By Carolyn Stern
Assistant Director of Outreach and Strategic Initiatives
Carolyn Stern, Asst. Dir. of Outreach and Strategic Initiatives
Conducting work and social life through video conferencing is a big adjustment for everyone in this new environment. This is especially difficult for people with hearing loss who typically prefer or are better able to communicate close up and in person.
Ensuring a good visual of each participant, strong quality audio, respectful communication etiquette and sensitivity to the unique communication accommodations needed for hearing loss can go a long way in making video conferencing sessions hearing loss friendly. Following are our tips:
Tip #1. Good visuals. Request that all participants put their cameras on and ensure they’re sitting in a space with good lighting that brightens up the face. And, be mindful of too much backlighting, such as light shining through from a window behind a workstation, because this can distort the image. Each participant should sit reasonably close to the webcam camera, so the image is well projected. In addition, each participant should make sure the top of their head to their elbows is seen on camera. All of these suggestions will provide optimal viewing of important cues such as facial expressions, body language, gestures and motion to locate who’s speaking, increase comprehension, facilitate speech reading.
Tip #2. High quality audio. Everyone should use a high quality microphone or a headset/microphone combo to ensure high quality audio transmission. And, microphones on mute is a must, unless, of course, you’re the one speaking.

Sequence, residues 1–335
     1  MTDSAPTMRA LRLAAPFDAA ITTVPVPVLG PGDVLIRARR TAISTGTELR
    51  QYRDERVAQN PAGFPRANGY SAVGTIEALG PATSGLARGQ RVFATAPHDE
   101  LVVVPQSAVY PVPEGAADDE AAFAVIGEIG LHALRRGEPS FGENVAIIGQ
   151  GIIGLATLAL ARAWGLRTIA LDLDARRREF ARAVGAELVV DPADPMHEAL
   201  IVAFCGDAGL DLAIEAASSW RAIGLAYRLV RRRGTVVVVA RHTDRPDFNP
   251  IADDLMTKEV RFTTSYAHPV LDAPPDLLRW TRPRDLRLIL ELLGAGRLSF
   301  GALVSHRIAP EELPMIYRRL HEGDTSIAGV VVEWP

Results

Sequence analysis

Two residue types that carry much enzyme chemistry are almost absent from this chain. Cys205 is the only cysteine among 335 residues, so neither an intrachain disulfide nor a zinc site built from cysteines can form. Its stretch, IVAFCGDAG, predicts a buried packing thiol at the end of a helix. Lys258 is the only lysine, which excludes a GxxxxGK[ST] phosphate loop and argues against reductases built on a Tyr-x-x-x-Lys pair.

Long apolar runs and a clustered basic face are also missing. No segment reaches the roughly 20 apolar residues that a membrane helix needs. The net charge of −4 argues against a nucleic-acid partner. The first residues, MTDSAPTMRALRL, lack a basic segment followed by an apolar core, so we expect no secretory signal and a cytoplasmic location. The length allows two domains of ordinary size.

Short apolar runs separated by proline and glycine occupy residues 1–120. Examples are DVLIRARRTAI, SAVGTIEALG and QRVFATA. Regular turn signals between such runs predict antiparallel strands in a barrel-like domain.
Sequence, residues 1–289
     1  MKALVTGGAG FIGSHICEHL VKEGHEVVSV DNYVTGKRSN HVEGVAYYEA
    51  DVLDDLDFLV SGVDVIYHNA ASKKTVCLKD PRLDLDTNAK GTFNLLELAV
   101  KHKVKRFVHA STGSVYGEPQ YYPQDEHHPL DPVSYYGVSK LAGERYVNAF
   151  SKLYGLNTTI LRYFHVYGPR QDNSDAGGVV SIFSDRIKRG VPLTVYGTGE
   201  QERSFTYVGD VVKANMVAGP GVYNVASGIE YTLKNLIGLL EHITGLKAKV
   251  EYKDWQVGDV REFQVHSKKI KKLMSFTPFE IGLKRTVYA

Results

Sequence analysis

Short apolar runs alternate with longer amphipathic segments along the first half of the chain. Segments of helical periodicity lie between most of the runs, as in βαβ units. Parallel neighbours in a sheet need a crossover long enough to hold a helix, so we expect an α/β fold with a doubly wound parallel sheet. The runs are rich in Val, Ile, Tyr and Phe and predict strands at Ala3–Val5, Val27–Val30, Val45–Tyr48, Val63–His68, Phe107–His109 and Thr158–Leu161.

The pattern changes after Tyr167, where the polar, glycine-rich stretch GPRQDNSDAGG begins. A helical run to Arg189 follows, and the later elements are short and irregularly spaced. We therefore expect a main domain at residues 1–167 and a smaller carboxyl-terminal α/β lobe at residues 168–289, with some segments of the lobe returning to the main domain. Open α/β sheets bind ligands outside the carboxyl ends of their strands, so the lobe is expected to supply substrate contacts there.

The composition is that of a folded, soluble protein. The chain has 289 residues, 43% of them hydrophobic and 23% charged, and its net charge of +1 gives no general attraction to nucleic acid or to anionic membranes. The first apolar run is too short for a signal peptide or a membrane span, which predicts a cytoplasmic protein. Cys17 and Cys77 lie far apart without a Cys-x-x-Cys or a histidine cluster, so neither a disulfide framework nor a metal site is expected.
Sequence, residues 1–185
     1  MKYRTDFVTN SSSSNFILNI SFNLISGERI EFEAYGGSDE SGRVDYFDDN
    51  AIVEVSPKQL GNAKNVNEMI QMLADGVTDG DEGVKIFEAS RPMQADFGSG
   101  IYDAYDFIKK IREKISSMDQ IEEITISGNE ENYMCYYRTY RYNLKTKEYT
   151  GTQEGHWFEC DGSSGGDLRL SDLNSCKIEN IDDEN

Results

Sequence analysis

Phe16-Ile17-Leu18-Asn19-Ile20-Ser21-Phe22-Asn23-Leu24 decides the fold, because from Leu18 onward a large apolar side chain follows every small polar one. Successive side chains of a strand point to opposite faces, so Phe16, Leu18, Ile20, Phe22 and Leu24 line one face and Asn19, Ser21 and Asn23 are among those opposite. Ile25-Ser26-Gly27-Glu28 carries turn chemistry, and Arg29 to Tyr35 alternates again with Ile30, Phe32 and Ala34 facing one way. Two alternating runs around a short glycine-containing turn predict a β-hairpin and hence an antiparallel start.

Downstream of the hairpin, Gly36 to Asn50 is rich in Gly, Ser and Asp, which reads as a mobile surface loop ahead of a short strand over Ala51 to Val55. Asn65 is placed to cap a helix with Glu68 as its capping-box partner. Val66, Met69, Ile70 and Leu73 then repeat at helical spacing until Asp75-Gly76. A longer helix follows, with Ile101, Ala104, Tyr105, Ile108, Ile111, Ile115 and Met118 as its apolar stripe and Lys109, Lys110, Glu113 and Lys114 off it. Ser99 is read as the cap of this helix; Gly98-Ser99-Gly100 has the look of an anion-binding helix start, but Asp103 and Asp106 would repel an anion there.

Tip #3. Respectful communication etiquette. The host should enforce one speaker at a time and direct the conversation by calling on people to speak in turn. Participants should state their name before speaking to help direct the person with hearing loss to their camera view. Another way to do this is with the “Raise Hand” tool. It is an advanced feature in Zoom that notifies all participants when you’d like a turn to speak with a pop-up icon image of a hand raising. It would be helpful if each person spoke succinctly into their microphone and avoided excessive use of fillers such as “um,” “so.” Avoid cross talk and side conversations.
Tip #4. Facilitate communication typically difficult for a person with hearing loss. Use the chat feature to collect questions and provide details like links, phone numbers, emails or a meeting date. Those types of details are difficult for the person with hearing loss to follow. Stick to an agenda. It is difficult for a person with hearing loss to follow when spontaneous topics come up. If there’s a change in topic, announce to the group the new topic at hand. Give the person with hearing loss a chance to contribute. It may be difficult for them to pick up on the cue of when to jump in because they’re usually very occupied following the meeting. Give them a chance to process the information and formulate a response, if asked a question.
We hope you will give these tips a try if you’re hosting a meeting with individuals with a hearing loss. And, if you have a hearing loss yourself, we encourage and support you in sharing these ideas with your team, clients and social circles to improve hearing on video conferencing calls. Usually everyone benefits, not just the person with hearing loss. Let us know how it goes. And, do you have any other useful tips? Please share a comment below or feel free to email me.
More Videoconferencing Tips for Zoom and Other Platforms
This post is just one in a series from CHC to help you Hear and Connect better through communication strategies and technology solutions that you can use at home. Click below to check out these related posts:
Remember, CHC is here for you. If you are having difficulty hearing well with any aspect of your remote work set-up, or are looking for support in any way, please contact your CHC audiologist.
If you prefer, you can call our main number in New York at 917-305-7700 or in Ft. Lauderdale at 954-601-1930. Or click here to email us and we’ll direct your message to the appropriate clinician.
If you’re not currently a CHC client, but need assistance, we’re happy to help. Also consider reaching out to your hearing aid manufacturer’s help line which is also readily available to aid as well.
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